When he was just a boy growing up in Indiana, and before he became the owner of the Detroit Tigers, there were two things John Fetzer loved most: science and baseball.
He was born in Decatur, Indiana, in 1901. By the age of ten, he had already mastered Morse code, and two years later he was showing off his homemade wireless receiver-transmitter to the neighborhood kids.
He loved reading science fiction. “(It) predicted an array of things that would happen in the future,” he said as an adult. “I used to speculate as a youngster whether or not I would see any of that happen.”
But Fetzer also excelled at athletics, lettering in baseball, basketball, and track in high school. He took classes at Purdue University, where he burned the midnight oil studying the theories of Thomas Edison and Nikola Tesla. By 1922, while a student at Emmanuel Missionary College in Berrien Springs, he erected southwest Michigan’s first radio station, WEMC. He also earned a degree from the National Radio Institute. Soon after that, he enrolled at the University of Michigan to study modern physics and higher mathematics.
Fetzer played a large part in the development and standardization of the directional antenna, which allowed a radio station to broadcast better at night. It in turn paved the way for radio’s ascension as a mass communication phenomenon.
In 1931, Fetzer had moved his radio station from Berrien Springs to Kalamazoo, changing the call letters to WKZO. In 1940, the station began broadcasting Detroit Tigers baseball games. The Tigers’ play-by-play man was the great Ty Tyson, known for his dry wit (although some would call it sarcasm).
Fetzer was the first president of the National Association of Broadcasters, and oversaw the creation of the Broadcasting Code of Conduct.
In 1949, Fetzer Broadcasting received a license for its first television station, WKZO channel 3 in Kalamazoo. He purchased the Muzak franchise for outstate Michigan several years later. Muzak, of course, is the brand of ubiquitous background music that you sometimes hear in the waiting room at a hospital or when riding in an elevator (hence the term “elevator music”).
Broadcasting (especially the airing of Tiger games) had made Fetzer a man of considerable means, and in 1956 he organized an 11-member syndicate that purchased the Detroit Baseball Company from Spike Briggs, son of the late owner Walter O. Briggs. Fetzer became one-third owner and Chairman of the Board of Directors. “We plan to…inject new life into the Tigers,” Fetzer boasted. That was encouraging news for a fan base that hadn’t seen a winner since 1945.
The purchase price was $5,500,000. Fetzer made immediate plans to increase the number of Tiger night games in 1957 from 14 to 21. The syndicate also increased the price of box seat tickets from $2.50 to $3. Reserved seats rose from $1.75 to $2.00. General Admission seats remained the same at $1.25, as did the 75-cent bleacher tickets.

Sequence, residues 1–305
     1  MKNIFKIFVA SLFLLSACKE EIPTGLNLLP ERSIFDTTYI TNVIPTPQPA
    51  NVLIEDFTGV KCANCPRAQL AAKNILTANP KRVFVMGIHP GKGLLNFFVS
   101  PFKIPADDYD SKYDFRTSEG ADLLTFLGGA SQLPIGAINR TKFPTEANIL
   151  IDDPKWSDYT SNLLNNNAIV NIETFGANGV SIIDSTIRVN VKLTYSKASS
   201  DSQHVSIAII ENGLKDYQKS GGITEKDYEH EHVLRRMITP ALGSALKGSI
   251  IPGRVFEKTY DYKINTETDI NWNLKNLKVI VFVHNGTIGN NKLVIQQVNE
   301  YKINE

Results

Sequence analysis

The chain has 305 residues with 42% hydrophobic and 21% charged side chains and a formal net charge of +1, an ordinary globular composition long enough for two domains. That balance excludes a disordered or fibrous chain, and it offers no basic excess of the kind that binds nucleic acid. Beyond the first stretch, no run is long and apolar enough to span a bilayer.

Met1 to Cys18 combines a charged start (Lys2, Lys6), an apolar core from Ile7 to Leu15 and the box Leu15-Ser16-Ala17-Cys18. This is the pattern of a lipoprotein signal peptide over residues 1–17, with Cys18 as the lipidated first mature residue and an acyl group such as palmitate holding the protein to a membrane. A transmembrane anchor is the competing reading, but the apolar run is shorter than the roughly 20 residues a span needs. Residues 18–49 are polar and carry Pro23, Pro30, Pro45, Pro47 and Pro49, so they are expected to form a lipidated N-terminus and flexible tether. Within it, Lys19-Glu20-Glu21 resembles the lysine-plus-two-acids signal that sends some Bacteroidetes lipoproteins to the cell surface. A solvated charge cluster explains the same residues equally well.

By 1961, Fetzer’s WJFM in Grand Rapids had become the world’s most powerful FM radio station, at 50,000 watts. It was also the year that he became the sole owner of the Tigers, and within a year he was the self-appointed Chairman and President. About that same time, Fetzer renamed the ballpark at Michigan and Trumbull to Tiger Stadium, severing ties to the previous ownership and giving the fanbase a sense that the famed venue was communal property.
Banking on Fetzer’s know-how of the inner workings of the broadcasting industry, in 1962 the American League named him the chairman of its Baseball and Television Committee. He negotiated baseball’s first national TV contract in 1967.
Perhaps the shrewdest move Fetzer made as Tiger owner was his hiring of Jim Campbell as General Manager in 1963. Together, they built one of the best farm systems in the game, and the Tigers won the World Series in 1968. In the 1970s the team’s scouting department, led by one of Campbell’s disciples, Bill Lajoie, seeded the Detroit system with a flood of great young talent. Fetzer sold the team in 1983 to pizza mogul Tom Monaghan for $53 million (not a bad return on his investment). But much of the 1984 World Champion Tigers had been assembled under Fetzer’s stewardship, and he deserves credit for that. He remained with the team as Chairman of the Board until 1989, and died two years later.
Fetzer was one of baseball’s most influential owners, so it came as no surprise in November of 1989 when his name appeared on the Baseball Hall of Fame’s Veterans Committee’s executives/pioneers ballot. He received eight votes, which unfortunately was one shy of the 75 percent required by the committee of twelve.
Those who didn’t vote for Fetzer probably felt that one world championship in nearly thirty years of ownership does not make you deserving of the Hall of Fame.
I can’t argue with that logic. And if the Tigers had been willing to sign more African-American players in the 1960s, or had better luck in the playoffs with an aging team in 1972, they may have won more than just that one championship.
It also probably doesn’t help Fetzer’s legacy that his public persona was bland and uninteresting. During the late 1960s and early ‘70s, while the NFL was gaining popularity, major league baseball was viewed as old fashioned and hopelessly square (that means not cool). Fetzer definitely fit that image.
So he may not have been flamboyant and outspoken, like owners Charlie Finley of the A’s, Ray Kroc of the Padres, or George Steinbrenner of the Yankees. But he was one of the most influential baseball owners of his time, and was cited by future commissioner Bud Selig as the most important mentor he had when he entered the fraternity of baseball ownership. Not only did Fetzer maintain a stable organization, but he helped the sport navigate its way through the choppy waters of the television era.